If you can do something the easy way or the hard way, why would you ever pick the hard way? While the easy way is fine most of the time, you might want to try the more difficult path every once in a while to learn how to improve your process. Photo by Wikimedia Commons.
As productivity writer Seth Godin points out, putting artificial limits on yourself can help you figure out where your weak points are and fix them. When you go back to doing things the easy way, your process will be even better. Godin uses the example of when Toyota removed their surplus of parts for their assembly process. Now, if a part broke, they couldn't just replace it with another cheap one from the shelf:
This seems insane. Why would you go through the pain of removing the (relatively) low cost buffer of some extra parts? The answer, it turns out, is that without a buffer, you've lowered the water level and you can see the rocks below. Without a buffer, every supplier had to dramatically up his game. Suddenly, the quality of parts went way up, which, of course, makes the assembly line go faster and every car ends up working better as well.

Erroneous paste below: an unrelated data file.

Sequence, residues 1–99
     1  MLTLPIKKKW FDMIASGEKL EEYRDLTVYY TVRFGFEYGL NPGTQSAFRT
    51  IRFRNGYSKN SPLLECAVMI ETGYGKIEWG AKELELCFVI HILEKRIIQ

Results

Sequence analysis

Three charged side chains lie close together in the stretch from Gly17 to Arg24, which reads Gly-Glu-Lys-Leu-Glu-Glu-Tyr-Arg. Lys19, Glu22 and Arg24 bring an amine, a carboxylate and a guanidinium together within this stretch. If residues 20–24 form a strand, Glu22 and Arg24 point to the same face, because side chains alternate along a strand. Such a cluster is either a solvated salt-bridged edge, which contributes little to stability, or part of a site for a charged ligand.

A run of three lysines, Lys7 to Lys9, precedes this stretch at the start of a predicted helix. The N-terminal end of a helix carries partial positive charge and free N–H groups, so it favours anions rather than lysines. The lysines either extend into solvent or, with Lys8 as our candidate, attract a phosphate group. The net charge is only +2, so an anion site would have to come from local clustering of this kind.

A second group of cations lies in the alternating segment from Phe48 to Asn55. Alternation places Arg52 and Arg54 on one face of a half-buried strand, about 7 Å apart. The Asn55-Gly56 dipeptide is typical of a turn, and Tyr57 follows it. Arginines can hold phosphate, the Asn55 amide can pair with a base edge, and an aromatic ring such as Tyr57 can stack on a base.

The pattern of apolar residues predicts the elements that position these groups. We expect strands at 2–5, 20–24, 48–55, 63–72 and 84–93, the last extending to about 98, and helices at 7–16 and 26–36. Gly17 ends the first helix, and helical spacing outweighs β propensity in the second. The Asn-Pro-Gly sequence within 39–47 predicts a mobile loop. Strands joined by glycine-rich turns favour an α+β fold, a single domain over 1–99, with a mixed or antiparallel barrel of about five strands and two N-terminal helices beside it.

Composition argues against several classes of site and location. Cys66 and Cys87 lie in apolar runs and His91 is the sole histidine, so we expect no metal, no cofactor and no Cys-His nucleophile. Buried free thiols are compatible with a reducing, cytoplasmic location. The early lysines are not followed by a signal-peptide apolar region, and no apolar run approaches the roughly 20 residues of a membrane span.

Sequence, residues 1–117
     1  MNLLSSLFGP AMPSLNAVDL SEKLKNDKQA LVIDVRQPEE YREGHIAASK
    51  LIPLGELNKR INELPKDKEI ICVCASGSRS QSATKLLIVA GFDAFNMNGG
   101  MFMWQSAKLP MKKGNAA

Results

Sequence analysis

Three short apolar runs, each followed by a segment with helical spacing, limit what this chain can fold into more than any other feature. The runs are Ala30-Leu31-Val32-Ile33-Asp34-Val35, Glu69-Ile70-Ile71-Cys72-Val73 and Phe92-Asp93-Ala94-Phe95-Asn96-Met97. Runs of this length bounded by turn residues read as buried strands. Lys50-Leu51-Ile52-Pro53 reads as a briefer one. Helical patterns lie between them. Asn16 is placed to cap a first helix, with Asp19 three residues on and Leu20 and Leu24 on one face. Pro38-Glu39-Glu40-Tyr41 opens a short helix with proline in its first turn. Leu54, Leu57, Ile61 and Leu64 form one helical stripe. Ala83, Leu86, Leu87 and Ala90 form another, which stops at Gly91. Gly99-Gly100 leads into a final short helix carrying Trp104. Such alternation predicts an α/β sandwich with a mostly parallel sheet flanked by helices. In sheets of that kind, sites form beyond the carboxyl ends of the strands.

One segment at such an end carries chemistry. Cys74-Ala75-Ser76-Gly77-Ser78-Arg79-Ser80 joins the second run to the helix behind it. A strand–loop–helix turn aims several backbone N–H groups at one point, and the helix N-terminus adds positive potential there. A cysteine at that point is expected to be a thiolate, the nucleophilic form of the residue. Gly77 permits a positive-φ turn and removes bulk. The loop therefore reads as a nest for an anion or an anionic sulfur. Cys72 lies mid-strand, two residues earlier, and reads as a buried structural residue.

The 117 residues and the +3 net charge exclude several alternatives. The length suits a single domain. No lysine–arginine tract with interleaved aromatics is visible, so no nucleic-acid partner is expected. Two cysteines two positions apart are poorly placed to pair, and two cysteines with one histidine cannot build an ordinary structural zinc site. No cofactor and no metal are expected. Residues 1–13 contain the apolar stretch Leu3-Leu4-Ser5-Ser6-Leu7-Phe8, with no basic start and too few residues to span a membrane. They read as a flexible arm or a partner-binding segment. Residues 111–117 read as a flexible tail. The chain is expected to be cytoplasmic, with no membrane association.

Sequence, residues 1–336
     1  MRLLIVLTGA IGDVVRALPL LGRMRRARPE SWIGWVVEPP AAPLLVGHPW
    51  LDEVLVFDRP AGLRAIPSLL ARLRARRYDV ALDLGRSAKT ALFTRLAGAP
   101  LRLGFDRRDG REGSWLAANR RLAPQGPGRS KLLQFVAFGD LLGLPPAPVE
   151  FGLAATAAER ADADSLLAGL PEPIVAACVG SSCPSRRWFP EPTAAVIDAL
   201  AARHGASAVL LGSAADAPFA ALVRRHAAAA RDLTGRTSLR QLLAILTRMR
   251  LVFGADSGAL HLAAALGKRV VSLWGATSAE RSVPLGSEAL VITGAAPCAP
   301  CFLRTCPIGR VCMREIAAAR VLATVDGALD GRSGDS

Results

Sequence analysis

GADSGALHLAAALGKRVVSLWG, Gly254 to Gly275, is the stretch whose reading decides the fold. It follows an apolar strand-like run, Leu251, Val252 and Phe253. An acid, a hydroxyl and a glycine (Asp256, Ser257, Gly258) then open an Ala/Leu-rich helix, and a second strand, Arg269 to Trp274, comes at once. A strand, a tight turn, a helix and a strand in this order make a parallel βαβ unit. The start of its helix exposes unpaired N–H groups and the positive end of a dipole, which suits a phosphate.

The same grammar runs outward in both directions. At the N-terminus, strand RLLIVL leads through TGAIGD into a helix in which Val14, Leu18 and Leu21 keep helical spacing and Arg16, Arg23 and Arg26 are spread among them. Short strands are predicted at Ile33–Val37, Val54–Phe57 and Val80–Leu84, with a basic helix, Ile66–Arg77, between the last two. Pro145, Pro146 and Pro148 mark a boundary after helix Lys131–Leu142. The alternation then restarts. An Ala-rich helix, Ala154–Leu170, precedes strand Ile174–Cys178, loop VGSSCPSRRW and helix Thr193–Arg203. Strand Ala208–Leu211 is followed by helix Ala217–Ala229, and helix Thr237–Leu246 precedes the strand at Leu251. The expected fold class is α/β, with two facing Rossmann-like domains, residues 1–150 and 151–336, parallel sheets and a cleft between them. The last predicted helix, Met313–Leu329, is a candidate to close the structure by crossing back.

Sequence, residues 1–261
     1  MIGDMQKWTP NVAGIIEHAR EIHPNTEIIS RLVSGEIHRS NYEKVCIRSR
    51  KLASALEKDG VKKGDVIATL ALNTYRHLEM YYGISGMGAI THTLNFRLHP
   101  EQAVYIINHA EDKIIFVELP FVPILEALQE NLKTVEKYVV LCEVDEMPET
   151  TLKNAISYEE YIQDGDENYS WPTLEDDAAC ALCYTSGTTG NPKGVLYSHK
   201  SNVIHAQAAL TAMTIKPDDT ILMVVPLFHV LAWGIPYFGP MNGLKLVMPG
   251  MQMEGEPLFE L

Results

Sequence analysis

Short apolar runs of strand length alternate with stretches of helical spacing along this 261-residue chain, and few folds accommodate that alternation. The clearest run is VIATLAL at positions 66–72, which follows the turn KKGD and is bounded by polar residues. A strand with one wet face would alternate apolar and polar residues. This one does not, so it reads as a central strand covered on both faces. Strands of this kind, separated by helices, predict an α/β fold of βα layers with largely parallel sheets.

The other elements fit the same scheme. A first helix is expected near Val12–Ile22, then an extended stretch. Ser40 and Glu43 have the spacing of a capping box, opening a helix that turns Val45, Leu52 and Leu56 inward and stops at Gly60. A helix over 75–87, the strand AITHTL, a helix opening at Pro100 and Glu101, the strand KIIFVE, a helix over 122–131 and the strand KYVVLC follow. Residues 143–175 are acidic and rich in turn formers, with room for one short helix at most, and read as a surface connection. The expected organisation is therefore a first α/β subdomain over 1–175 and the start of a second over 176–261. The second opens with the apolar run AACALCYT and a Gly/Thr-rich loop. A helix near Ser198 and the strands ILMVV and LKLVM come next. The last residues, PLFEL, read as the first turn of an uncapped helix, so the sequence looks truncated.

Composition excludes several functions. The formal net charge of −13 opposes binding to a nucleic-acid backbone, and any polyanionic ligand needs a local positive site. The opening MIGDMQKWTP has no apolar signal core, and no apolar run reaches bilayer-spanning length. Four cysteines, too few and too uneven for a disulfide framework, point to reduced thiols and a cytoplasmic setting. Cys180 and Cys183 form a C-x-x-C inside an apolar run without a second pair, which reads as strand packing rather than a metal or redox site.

You can try this out in your own work or personal projects, yourself. If you're used to drawing something in a computer, try doing it by hand, where you can't hit Ctrl-Z. If you usually use a piece of software to automate a task, do it the tedious way for a while to see if you can spot some flaws when you're up close and personal with it. You don't have to do things the hard way all the time (and ideally not when you're crunched for time), but taking away the easy mode buffer every once in a while can help you improve your process.
What's at the bottom of the river? [Seth Godin]